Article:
Merck, a leading global biopharmaceutical company, will invest $57 million to establish a filling and packaging line for the company’s RotaTeq vaccine and create 55 jobs in Wilson, North Carolina.
The company’s RotaTeq vaccine is used to prevent rotavirus gastroenteritis in children. Merck’s investment at the Wilson site will increase the company’s overall supply of this important medicine.
“Merck is delighted to announce its second significant investment at our Wilson plant in less than a year,” said Sanat Chattopadhyay, Executive Vice President & President, Merck Manufacturing Division. This latest commitment will enable us to introduce a new and innovative filling and packaging technology to assist in the production of our important RotaTeq vaccine. We appreciate all the support we’ve received for this project from Governor Cooper, Secretary Copeland and his staff, and from Wilson County.”
Today’s commitment is the second major expansion Merck has announced in North Carolina in 2019. In July, the company announced it would begin producing its GARDASIL and GARDASIL 9 recombinant human papillomavirus (HPV) vaccine in the state, supported by expansion of company facilities in Durham and Wilson. In the earlier announcement, the company committed to invest more than $680 million in the state, with $30 million of that investment earmarked for Wilson.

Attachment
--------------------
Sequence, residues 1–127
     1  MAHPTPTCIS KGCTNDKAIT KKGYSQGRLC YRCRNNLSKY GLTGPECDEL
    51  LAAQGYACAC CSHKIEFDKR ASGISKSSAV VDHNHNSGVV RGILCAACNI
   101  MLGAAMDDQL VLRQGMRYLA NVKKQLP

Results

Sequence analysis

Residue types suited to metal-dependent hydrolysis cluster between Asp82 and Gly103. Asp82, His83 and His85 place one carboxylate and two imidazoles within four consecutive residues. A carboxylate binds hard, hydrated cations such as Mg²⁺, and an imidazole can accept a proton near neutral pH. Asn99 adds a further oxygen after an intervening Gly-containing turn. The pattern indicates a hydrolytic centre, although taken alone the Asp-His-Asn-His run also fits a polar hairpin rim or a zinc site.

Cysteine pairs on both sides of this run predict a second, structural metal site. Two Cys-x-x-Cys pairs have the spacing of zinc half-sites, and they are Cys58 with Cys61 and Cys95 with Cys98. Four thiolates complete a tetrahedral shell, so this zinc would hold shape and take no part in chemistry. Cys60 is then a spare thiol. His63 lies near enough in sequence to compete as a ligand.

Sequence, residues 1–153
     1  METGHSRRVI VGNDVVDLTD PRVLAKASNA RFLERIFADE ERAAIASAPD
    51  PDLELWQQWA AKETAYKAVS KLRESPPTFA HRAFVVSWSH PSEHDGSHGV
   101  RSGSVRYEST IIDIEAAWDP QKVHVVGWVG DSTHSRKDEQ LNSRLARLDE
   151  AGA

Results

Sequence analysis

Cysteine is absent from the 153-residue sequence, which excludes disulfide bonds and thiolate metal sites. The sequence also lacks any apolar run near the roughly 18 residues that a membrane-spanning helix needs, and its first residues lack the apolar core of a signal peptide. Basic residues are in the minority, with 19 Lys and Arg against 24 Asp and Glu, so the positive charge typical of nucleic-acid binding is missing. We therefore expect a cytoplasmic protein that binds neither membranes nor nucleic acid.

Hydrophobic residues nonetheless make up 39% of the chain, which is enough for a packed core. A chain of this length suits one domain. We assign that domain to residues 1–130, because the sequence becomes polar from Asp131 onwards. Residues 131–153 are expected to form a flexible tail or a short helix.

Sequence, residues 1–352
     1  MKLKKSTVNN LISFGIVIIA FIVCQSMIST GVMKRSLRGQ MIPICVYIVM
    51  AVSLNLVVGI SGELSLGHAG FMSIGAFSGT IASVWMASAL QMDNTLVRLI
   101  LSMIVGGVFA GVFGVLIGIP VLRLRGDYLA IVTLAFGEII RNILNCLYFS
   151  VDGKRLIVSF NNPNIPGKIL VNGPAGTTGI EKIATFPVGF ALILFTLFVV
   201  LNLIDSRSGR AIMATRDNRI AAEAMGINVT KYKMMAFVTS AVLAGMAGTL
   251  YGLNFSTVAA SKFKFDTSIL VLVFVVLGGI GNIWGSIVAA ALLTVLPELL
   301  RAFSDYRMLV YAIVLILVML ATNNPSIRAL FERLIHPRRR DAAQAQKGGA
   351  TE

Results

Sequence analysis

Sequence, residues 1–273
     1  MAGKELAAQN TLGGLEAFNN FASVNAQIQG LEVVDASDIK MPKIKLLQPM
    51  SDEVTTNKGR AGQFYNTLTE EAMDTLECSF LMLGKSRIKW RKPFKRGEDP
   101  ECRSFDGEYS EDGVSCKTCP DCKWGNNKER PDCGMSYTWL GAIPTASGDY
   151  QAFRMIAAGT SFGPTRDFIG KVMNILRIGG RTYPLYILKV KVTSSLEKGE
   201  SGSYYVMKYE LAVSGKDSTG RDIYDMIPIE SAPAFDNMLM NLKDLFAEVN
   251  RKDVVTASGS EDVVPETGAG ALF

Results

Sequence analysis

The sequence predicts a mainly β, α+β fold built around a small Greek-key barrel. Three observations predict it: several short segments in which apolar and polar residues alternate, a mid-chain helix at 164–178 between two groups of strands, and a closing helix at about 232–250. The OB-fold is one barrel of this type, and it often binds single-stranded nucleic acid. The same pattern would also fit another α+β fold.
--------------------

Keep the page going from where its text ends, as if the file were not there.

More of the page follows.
“Nothing beats first-hand knowledge, and Merck’s previous experience in our state gave them the confidence to bring this new business line here,” said North Carolina Commerce Secretary Anthony M. Copeland. “In just one year, this company has now invested $737 million in North Carolina, proving again that we’re a hotbed for the life science industry.”
The North Carolina Department of Commerce led the state’s support for the company during its site evaluation and decision-making process. A performance-based grant of $200,000 from the One North Carolina Fund will help facilitate Merck’s expansion in Wilson County.
The One NC Fund provides financial assistance to local governments to help attract economic investment and to create jobs. Companies receive no money upfront and must meet job creation and capital investment targets to qualify for payment. All One NC grants require a matching grant from local governments and any award is contingent upon that condition being met.
“New growth from one of our area’s most important industries is an exciting development,” said N.C. Representative Jean Farmer-Butterfield. “Our community is proud to partner with Merck and we look forward to supporting the company’s next phase of growth.”
Partnering with N.C. Commerce and the Economic Development Partnership of North Carolina on this project were the North Carolina General Assembly, Wilson County, and the Wilson County Economic Development Office.